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TripMaker: Mapping the Great American Road Trip

A Writer Maps a Road Trip out West with Rand McNally’s New Online Trip Planner

Open desert highway.

It was approaching—my 40th birthday, that is. It was a milestone that I decided to celebrate with a road trip out west. Maybe to somewhere I had never been before. Somewhere truly marvelous. Somewhere like . . . the Grand Canyon. As with many things in life, the best approach to travel tends to be a mix of preparation, inspiration, and serendipity. That and having the right tools. Enter Rand McNally’s new TripMaker®, a free online trip planner tool.

What is TripMaker?

TripMaker is an online road travel planner, the perfect tool for creating the great American road trip.  It lets you plan several legs of your trip with logistics such as distances, driving times, and fuel costs for each. It also helps you find and add amenities and interesting road trip attractions from a wide range of natural, cultural, and historical sights—all hand-picked and written up by Rand McNally travel experts. TripMaker is more useful and fun than, say, Google or Bing maps, which primarily provide driving directions from Point A to Point B.

tour

You can map out and save your road trip itinerary before leaving home, view or change it later, email it, and create printouts to take with you. You can also use TripMaker out on the road, either on a computer or by downloading it into a Rand McNally GPS device, which you can use as both a car and an RV trip planner. In this series of posts, I’ll show you how it all works and take you along on my milestone-marking road trip out west.

Creating a Basic Road Trip Itinerary

Although the goal is to be at the Grand Canyon on my 40th birthday, I’m actually hitting the road for three full weeks, using Denver as the start and end point of a 3,000-mile (give or take) loop. When I first imagined this adventure, I hoped to pass through at least eight states, allowing for side trips that might cross additional state lines. I also wanted to visit cities big and small and take in the natural beauty of our magnificent country.

Denver made a logical hub because of both geography and reasonable car-rental rates and airfare (to and from New York). From there, I would head to Moab, UT, a good base for exploring Arches National Park. Then it would be on to Williams, AZ, where I’d hitch a ride on the Grand Canyon Railway to the canyon’s South Rim.

Sedona was another place that intrigued me, and I just had to do Vegas (yeah, baby!) and Cheyenne, maybe with Boise and Butte in between. I also wanted to see Yosemite National Park, Lake Tahoe, and Devil’s Tower National Monument. With my dream destinations selected, it was time to map out a basic road trip itinerary using TripMaker’s “My Trip” features.

full loopAlthough you don’t have to log in to TripMaker to use it, I did so in order to name and save my trip. I then simply searched for, selected, and added each destination to the My Trip list, which appears to the left of the map. I didn’t even have to enter places in geographic order, as you can drag and drop them into place or add or remove them later, letting TripMaker automatically reroute you on the map. You can even drag the route on the map itself. Again, the tool adjusts things, adding new way points and creating an alternate route on both the map and in the list.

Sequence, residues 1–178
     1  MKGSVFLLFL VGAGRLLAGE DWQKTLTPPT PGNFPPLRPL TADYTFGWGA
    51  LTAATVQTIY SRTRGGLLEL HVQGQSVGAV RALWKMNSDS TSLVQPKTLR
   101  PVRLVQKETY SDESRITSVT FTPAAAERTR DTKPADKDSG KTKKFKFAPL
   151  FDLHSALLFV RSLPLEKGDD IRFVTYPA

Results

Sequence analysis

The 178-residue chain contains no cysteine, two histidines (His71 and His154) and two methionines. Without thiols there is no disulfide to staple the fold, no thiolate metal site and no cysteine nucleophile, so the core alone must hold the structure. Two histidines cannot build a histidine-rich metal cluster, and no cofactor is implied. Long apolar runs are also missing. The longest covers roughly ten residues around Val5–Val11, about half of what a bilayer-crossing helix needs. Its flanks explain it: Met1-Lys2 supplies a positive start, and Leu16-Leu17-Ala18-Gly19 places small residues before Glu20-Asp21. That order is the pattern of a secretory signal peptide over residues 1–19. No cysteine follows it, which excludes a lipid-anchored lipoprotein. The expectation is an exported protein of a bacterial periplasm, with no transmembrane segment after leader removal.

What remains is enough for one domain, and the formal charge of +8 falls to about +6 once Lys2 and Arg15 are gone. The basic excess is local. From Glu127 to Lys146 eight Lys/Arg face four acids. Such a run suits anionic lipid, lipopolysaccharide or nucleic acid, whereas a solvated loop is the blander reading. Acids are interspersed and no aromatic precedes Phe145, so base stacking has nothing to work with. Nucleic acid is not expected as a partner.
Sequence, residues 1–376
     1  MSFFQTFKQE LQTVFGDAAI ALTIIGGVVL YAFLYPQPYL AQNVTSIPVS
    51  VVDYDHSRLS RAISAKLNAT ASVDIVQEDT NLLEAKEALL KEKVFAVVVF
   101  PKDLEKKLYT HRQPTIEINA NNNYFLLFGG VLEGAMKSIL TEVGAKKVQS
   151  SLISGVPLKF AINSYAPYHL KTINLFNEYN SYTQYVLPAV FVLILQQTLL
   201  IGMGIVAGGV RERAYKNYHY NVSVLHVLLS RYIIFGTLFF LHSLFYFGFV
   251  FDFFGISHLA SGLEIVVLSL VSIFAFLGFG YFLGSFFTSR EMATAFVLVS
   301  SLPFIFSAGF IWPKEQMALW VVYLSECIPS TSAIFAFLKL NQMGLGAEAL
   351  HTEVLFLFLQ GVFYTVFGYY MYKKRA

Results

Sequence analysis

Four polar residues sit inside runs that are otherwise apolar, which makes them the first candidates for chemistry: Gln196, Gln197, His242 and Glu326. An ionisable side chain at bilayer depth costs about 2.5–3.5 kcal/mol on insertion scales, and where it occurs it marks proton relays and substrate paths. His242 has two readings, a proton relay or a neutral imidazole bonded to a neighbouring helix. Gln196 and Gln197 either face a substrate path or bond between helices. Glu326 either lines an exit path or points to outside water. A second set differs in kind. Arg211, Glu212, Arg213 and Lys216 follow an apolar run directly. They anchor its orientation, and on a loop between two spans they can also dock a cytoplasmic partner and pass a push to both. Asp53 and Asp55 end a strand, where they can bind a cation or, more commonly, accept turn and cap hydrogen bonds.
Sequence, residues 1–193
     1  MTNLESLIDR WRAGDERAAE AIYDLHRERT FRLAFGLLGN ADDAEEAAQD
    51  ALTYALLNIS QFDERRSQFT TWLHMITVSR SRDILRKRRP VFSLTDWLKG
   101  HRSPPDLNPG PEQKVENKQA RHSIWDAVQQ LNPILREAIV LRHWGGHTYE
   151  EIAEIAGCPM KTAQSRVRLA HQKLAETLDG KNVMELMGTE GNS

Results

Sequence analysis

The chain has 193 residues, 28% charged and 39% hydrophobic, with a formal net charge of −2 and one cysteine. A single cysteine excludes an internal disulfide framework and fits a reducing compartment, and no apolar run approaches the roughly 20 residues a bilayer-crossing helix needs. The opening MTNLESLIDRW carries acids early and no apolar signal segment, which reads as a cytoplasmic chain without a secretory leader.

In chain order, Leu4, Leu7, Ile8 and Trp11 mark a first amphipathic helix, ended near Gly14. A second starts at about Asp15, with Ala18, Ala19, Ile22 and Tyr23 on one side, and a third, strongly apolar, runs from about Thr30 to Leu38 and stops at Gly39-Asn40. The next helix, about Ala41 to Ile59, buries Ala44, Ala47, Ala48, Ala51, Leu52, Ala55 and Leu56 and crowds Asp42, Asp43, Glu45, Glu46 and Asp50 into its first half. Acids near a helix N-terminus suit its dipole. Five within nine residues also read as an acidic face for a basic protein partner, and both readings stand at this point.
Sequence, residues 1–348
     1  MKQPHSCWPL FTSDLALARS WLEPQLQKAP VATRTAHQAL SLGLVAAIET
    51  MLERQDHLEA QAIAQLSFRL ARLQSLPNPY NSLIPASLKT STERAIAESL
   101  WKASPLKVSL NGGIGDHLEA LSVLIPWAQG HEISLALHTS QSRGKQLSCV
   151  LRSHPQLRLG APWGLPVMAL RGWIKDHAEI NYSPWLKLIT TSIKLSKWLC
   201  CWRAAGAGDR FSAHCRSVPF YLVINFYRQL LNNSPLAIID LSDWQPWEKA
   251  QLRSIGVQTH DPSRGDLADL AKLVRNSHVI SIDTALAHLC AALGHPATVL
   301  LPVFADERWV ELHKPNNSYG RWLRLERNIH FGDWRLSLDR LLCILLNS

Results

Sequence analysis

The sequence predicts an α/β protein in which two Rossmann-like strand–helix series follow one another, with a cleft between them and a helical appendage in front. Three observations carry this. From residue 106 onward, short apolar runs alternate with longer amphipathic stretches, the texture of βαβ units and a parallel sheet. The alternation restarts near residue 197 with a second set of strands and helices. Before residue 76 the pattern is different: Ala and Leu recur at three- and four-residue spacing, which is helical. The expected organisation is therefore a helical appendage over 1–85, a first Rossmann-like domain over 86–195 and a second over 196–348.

I also changed the My Trip setting from “Itinerary” view, showing a list of my key destinations, to the “Driving Directions” view, so I could get directions to and from destinations. As you can see, my trip is far from basic—it’s actually quite big and bold! And it looks even bolder in the map’s Terrain and Satellite views.

Great Road Trip Itinerary Planning Features

To the right of the words “My Trip” is an icon of arrows forming a circle. When I clicked this, TripMaker automatically reversed my entire loop, saving it as a second road trip itinerary (with the suffix “Return”). This is a very handy feature, especially for more linear, one-way or out-and-back type trips! Right below the words “My Trip” are odometer and clock icons showing the estimated total mileage and driving time. I also saw the driving time and distance between cities in the Itinerary view.

Though TripMaker gives you the option to avoid highways and tolls, by keeping mostly to highways, the mileage calculator indicated that I’d cover just over 3,700 miles, logging some 61 hours behind the wheel (factoring in the last leg, from Cheyenne back to Denver, meant adding another 100 miles and 90 minutes, give or take). On a three-week journey, the whole itinerary seemed doable in terms of routing and driving as well as in terms of having plenty of time for sightseeing, side trips, and sleep.

But one of the highlights came when I clicked on the gas-pump icon. It opened a fuel calculator window, where I input the gas mileage of my vehicle and selected regular gas, rather than diesel. TripMaker automatically estimated the fuel costs for all of my trip (just under $500) as well as for each segment of it. (Good thing I saved so much money on car rental and airfare!)

full loop satelliteThanks to TripMaker, I had quickly created a basic (yet bold) road trip itinerary that both fulfilled my dreams and was realistic. I also had a much better sense of what my budget would be. All this, and I’d only scratched the surface of what this road trip route planner can do. In the next post, I’ll show you just how easy it is to find interesting road trip attractions using the “Things to Do” function, add them to the My Trip list, and get your TripMaker itinerary ready for the road.

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